As the sun goes down on another year, we all look forward to what lies ahead. I will make some resolutions that will last a day or so. I also like to predict what lies in store. I normally predict, with great confidence, that Everton will win a major trophy. Read into that what you want. With that in mind, here are some thoughts for 2018!
1. By the end of 2018 we will know with some certainty, the date in 2019 when fixed fees will be introduced for Personal injury and Disease Claims. This will largely follow the recommendations in Jackson’s July 2017 report including the Intermediate Track and the four bands – with disease cases becoming subject to FRC but at the highest band. NIHL Claims will be subject to the costs and procedure agreed between Claimants’ and Defendants’ representatives and approved by Jackson. Clinical Negligence cases up to £25k will become subject to some limited form of FRC following further discussions between representatives of each side. My hunch is that April 2019 will be the date but it could even fall to October 2019. I wouldn’t rule out 2018 but neither would I put money on it.
2. I expect there to be a regrouping of the Claimant PI sector with a growth in the number of smaller niche firms. Ever since the 2004 Clementi report there has been a consensus that big is best. But big is also expensive with many hungry mouths to feed. This will happen alongside a revival of the old style high street practice with less dependence on CMCs and a greater emphasis on local marketing and passing trade. Firms who downsize and control expenses will actually be better equipped to manage the inevitable changes, with some consolidation and then organic growth. This flies in the face of most commentators who predict that many firms will fall by the way and that we will be left with a small number of mega providers. I think some smaller firms who fail to adapt will struggle. Bigger firms will also struggle. Growth from grassroots will in my view be an exciting an unexpected outcome. All of this will happen alongside the relentless march of Social Medial and Robots (see below)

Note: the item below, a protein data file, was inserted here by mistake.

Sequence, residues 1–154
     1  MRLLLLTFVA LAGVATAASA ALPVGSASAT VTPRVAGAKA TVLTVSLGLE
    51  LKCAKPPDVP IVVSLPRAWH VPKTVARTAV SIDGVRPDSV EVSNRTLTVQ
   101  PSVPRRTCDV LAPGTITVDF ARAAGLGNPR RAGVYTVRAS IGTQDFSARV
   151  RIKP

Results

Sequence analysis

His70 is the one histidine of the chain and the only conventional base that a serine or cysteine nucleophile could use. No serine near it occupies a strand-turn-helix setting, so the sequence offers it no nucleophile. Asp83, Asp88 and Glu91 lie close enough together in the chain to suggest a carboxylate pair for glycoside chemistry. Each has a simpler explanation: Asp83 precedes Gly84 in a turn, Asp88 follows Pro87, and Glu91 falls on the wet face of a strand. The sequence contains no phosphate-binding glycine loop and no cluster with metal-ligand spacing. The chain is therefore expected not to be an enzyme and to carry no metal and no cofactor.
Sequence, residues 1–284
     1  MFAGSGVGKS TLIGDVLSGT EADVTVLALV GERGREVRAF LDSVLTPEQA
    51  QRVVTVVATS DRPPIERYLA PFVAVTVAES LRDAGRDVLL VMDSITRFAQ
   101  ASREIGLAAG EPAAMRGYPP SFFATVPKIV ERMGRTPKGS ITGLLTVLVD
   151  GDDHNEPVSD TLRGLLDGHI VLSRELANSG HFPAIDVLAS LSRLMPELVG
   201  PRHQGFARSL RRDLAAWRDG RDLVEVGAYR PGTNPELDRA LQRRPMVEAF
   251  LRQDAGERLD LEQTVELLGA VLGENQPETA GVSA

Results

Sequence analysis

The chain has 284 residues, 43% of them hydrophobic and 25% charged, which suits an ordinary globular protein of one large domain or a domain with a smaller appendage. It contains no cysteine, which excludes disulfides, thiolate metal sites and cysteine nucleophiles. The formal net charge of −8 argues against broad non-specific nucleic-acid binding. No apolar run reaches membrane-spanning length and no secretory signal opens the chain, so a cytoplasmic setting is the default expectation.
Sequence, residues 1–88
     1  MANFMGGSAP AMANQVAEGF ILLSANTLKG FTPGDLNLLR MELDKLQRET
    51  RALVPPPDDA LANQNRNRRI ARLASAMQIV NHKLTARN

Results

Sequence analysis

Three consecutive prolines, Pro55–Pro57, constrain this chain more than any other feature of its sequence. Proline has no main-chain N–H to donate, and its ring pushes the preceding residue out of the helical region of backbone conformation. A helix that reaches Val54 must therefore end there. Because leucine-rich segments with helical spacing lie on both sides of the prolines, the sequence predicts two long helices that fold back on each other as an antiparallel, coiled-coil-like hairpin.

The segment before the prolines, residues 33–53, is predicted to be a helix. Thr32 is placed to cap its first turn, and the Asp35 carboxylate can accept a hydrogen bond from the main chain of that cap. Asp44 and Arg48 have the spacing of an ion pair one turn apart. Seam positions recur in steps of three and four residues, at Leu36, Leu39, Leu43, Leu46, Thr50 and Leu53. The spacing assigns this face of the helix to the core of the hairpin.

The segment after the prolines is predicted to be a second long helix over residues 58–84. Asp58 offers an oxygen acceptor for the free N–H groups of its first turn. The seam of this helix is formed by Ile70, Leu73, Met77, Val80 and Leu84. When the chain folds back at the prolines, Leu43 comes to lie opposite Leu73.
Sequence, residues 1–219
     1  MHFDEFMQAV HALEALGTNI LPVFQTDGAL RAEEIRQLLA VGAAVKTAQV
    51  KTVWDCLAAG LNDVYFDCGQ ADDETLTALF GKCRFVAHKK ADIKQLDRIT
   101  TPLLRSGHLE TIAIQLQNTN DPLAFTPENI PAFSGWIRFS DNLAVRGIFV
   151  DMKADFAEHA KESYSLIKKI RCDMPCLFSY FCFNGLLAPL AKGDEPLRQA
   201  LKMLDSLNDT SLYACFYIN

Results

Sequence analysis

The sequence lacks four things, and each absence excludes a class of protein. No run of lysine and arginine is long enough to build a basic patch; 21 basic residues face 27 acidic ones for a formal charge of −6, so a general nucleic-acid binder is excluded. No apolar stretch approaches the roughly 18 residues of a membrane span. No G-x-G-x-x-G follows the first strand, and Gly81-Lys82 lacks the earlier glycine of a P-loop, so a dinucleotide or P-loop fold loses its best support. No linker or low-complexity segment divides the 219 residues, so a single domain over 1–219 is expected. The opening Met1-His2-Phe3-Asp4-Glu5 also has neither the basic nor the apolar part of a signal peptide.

Alongside the above there will be a continued growth in the number of ABSs, particularly in the RTA sector. It will certainly make commercial sense for hire companies and repairers to develop their legal work from within. This is more likely to be based on a smaller grouping of providers working together rather than the huge monoliths which have failed so badly.
4 One factor driving a move towards smaller entities providing PI work will be the ever-accelerating power of Social Media and Artificial Intelligence. Social Media platforms provide quick and affordable marketing to a huge potential audience. I was a Conference in 2016 at which someone from Google stated that YouTube was the world’s second largest search engine –
Videos are easy to make. Video marketing lends itself to a person-centred approach which is very suitable for smaller units, which emphasise a closer client/lawyer relationship. Client communication will also change dramatically as emails fall in use and messaging apps such as The Link App come to the fore.
I recently used LISA to draft an Non-Disclosure Agreement . It took less than 15 minutes to produce the document which required little amendment. This is one example of a trend which will continue to grow at great pace.
As all of this progresses throughout 2018 I think more individuals and smaller firms will say –‘With all of this happening, I can provide a good service, earn a reasonable living and have a life’. I am already in contact with lawyers who are thinking along these lines.
Firms who traditionally did Fast Track PI work will continue to diversify into Multi Track PI, Disease and Clinical Negligence where there will be some scope for targeted marketing as the influence of CMCs fades. The firms who focus on excellence and professional service can do well. The current trend for Holiday Sickness and Cavity Wall claims will play a role for a year or so but probably have a limited shelf life.
Further reforms to litigation costs will find their way on to the agenda. QOCS needs a complete overhaul. Any system under which Defendants can only recover their legal costs by proving fundamental dishonesty on the part of the loser is bound to end in tears. This needs a root and branch re-think. Will this lead to a move away from any recoverable costs to be replaced by Damages Based Agreements and an increase in the level of compensation? I think that this will certainly be discussed by the end of the year - for good or for bad.
So, these are my initial thoughts for 2018. Some may disagree. I would love to discuss! It promises to be a busy time, a time of much upheaval but also a time of some optimism for those who can see change as an opportunity rather than a threat.
Happy new Year.